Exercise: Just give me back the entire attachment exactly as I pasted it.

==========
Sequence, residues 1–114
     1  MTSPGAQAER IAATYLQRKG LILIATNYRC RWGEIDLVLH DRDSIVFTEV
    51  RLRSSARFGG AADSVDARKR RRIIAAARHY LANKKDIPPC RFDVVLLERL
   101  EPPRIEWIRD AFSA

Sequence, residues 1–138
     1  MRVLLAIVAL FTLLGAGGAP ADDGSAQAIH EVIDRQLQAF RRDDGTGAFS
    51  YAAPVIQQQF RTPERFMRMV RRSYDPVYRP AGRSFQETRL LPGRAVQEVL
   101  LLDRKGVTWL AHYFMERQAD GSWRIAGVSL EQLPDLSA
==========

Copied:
Sequence, residues 1–114
     1  MTSPGAQAER IAATYLQRKG LILIATNYRC RWGEIDLVLH DRDSIVFTEV
    51  RLRSSARFGG AADSVDARKR RRIIAAARHY LANKKDIPPC RFDVVLLERL
   101  EPPRIEWIRD AFSA

Sequence, residues 1–138
     1  MRVLLAIVAL FTLLGAGGAP ADDGSAQAIH EVIDRQLQAF RRDDGTGAFS
    51  YAAPVIQQQF RTPERFMRMV RRSYDPVYRP AGRSFQETRL LPGRAVQEVL
   101  LLDRKGVTWL AHYFMERQAD GSWRIAGVSL EQLPDLSA